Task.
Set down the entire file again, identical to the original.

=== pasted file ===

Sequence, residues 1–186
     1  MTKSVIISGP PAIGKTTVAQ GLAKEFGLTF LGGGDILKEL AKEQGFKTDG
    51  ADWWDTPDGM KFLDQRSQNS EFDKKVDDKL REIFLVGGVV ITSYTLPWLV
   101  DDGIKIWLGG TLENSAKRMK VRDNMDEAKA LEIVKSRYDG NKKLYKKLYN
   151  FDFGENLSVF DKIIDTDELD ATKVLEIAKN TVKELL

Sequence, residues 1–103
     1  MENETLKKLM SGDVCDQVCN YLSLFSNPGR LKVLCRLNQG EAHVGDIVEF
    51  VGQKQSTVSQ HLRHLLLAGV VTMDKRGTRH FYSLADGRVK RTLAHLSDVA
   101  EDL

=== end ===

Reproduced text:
Sequence, residues 1–186
     1  MTKSVIISGP PAIGKTTVAQ GLAKEFGLTF LGGGDILKEL AKEQGFKTDG
    51  ADWWDTPDGM KFLDQRSQNS EFDKKVDDKL REIFLVGGVV ITSYTLPWLV
   101  DDGIKIWLGG TLENSAKRMK VRDNMDEAKA LEIVKSRYDG NKKLYKKLYN
   151  FDFGENLSVF DKIIDTDELD ATKVLEIAKN TVKELL

Sequence, residues 1–103
     1  MENETLKKLM SGDVCDQVCN YLSLFSNPGR LKVLCRLNQG EAHVGDIVEF
    51  VGQKQSTVSQ HLRHLLLAGV VTMDKRGTRH FYSLADGRVK RTLAHLSDVA
   101  EDL